LEITRIM TOPOGRAPHY

From A Topographical Dictionary of Ireland, 1837

The form of the county is somewhat pyramidal, or approaching to that of a slender cone, having its base resting on Longford, and its apex on the sea coast: its extreme length is about 46 miles; its breadth varies from 16 at the former extremity to 2 at the latter. The greater part of the surface not strictly mountainous being occupied by steep hills and deep valleys, it displays many varieties of picturesque scenery heightened by striking and sudden contrasts of wild heathy mountain, and rich cultivation, wood, and water. The southern extremity from Rusky to Carrick is fertile and well cultivated, particularly on the banks of the Shannon, which here separates Leitrim from Roscommon and spreads into Lough Boffin, backed by the heights of Sheebeg and Sheemore, forming a fine relief to the lofty grandeur of the more distant mountain of Slieve-an-irin, and the luxuriant swell of the adjacent part of Roscommon. Proceeding northward to Lough Allen, the country, though available for tillage, gradually assumes a gloomy aspect, and immediately from the verge of this lake steep ascents stretch to a distance of two, three, and four miles to the mountains, which on almost every side terminate the view: but even here various delightful prospects are obtained, especially near the points where the Shannon enters into and emerges from the lake.

The summit of the group called Slieve-an-irin, or Slieve-an-Jaroin, to the east of Lough Allen, is the highest point in this mountainous district, which extends five or six miles northward; but large tracts of good land appear around Dromahaire, Manor-Hamilton, and Glencar, where the face of the country is extremely varied and pleasing. Not far distant are the mountains of Lacka, 1315 feet high; Lugnacuillagh, 1485 feet high; Doon; Glanfarn or Mullaghusk; Benbo, 1403 feet high; and Green Mountain, 920 feet. These mountains do not form a connected chain or group, but are separated by deep and broad valleys, containing innumerable low but steep hills. The mountains, too, like those of the Slieve-an-irin group, are all of similar character, rising at a steep angle from their bases, and, except Benbo, frequently presenting mural precipices from 60 to 100 feet deep; but their summits are all nearly flat and covered with coarse herbage.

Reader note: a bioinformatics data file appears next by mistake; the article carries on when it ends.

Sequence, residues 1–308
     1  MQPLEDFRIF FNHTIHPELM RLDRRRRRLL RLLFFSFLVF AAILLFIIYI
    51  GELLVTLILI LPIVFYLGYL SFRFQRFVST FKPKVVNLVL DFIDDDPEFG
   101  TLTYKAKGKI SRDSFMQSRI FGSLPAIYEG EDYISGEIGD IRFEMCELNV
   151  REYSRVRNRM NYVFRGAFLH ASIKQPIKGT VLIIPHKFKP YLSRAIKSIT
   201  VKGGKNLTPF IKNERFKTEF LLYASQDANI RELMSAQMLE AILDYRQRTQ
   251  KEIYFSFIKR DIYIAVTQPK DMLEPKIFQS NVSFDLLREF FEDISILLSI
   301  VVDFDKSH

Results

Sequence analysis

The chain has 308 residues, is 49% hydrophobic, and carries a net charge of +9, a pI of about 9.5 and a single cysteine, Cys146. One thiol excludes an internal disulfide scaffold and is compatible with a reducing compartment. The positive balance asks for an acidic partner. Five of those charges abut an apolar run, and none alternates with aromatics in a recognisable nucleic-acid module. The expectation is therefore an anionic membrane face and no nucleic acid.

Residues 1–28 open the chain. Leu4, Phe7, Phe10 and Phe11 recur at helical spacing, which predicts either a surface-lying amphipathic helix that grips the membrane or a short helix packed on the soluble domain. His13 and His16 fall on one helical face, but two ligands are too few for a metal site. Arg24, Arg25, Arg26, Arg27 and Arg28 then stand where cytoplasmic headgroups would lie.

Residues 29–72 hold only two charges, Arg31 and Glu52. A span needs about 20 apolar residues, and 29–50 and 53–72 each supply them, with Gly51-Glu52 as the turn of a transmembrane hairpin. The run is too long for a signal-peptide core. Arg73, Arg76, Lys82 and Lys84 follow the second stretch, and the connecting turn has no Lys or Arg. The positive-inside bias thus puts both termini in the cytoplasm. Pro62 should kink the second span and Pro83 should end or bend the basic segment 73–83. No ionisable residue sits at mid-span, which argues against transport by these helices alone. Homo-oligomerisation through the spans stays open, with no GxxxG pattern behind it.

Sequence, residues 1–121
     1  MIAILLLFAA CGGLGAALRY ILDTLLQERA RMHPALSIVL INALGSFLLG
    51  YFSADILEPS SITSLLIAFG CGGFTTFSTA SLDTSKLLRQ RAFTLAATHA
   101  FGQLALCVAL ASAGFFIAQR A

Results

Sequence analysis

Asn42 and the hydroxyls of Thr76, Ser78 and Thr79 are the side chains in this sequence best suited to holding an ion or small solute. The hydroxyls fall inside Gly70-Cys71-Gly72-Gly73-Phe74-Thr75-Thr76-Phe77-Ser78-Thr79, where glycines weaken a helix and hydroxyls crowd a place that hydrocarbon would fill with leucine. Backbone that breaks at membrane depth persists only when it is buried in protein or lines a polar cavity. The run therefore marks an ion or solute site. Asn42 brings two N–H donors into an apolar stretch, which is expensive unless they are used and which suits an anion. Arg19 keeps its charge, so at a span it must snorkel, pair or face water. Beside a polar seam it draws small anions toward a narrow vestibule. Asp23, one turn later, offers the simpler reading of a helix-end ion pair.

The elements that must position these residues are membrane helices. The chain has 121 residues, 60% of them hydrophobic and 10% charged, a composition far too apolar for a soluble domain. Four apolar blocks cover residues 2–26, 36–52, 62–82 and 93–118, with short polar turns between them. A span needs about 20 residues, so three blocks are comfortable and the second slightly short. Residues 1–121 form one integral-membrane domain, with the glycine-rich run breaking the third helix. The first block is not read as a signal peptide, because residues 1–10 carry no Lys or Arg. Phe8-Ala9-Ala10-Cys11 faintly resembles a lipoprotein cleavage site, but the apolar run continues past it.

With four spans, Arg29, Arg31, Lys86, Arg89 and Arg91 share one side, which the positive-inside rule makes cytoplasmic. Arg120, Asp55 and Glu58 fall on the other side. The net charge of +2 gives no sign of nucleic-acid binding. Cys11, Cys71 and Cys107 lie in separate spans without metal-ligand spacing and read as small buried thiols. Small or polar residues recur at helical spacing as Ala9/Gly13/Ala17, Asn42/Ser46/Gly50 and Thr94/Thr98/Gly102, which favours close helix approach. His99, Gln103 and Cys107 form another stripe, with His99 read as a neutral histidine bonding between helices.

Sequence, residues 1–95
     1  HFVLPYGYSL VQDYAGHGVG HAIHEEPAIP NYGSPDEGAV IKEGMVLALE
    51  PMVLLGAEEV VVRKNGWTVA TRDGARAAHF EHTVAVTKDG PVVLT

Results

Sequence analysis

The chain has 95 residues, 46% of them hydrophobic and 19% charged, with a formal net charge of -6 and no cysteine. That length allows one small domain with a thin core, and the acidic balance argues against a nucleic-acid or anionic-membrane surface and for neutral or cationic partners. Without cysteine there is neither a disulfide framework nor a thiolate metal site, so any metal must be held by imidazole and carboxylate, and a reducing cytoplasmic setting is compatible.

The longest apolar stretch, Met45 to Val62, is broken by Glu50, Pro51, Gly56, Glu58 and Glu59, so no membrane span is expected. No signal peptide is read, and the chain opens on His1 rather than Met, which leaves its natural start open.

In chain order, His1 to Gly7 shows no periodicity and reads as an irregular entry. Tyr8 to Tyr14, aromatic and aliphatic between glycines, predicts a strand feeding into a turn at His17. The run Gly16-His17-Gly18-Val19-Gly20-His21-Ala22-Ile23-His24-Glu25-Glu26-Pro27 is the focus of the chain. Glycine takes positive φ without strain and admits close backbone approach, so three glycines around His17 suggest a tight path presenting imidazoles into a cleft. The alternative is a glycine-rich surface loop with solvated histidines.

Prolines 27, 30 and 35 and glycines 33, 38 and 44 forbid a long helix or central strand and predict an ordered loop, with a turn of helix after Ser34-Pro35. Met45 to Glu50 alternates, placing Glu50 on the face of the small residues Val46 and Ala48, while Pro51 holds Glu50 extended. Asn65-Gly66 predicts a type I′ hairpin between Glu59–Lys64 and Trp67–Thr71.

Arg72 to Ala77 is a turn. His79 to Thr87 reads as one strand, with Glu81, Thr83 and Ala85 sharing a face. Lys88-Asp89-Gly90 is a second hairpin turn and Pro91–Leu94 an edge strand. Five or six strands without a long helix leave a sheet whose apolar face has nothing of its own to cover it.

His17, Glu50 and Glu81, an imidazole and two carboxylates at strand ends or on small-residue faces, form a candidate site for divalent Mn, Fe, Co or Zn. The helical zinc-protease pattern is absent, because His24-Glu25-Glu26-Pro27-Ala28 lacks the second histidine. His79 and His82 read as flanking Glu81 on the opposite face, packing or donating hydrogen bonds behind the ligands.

Further northward, on approaching the sea, the most barren mountains rise from the fertile vale, amid which many scenes of superior beauty arrest the eye. The Shannon and its tributaries add greatly to the beauty of the south-western part of the county, which is still further augmented by the numerous lakes scattered over its surface. The principal of these is Lough Allen, stretching about seven miles in length, between Drumkerrin and Drumshambo, and with a mean breadth of five miles; its south-western extremity is in the county of Roscommon; it is in some places very deep, and owing to the surrounding mountains, the storms upon it are extremely sudden and violent. Lough Gill, though forming part of the western boundary of the county, is chiefly in that of Sligo: it is about five or six miles in length, and two in breadth; and its shores, naturally romantic, have been richly planted and cultivated. Lough Melvyn, which separates the counties of Leitrim and Fermanagh for some distance, is 5 miles in length and varies in breadth from 3 miles to ¾ of a mile; Lough Clane, otherwise Belhovel Lake, is situated about 4 miles to the north-west of Lough Allen, with which it communicates by the river Duibhachar; this lake is nearly two miles long and one broad. Loughs Bodarrig and Boffin are merely expansions of the Shannon to the south of Drumsna; the only other lake worthy of particular notice is that of Garadise, an extensive and pleasing expanse of water, which, with Newtown-Gore Lake and several smaller in the vicinity of Ballinamore and Cashcarrigan, add greatly to the picturesque beauties of this part of the county.

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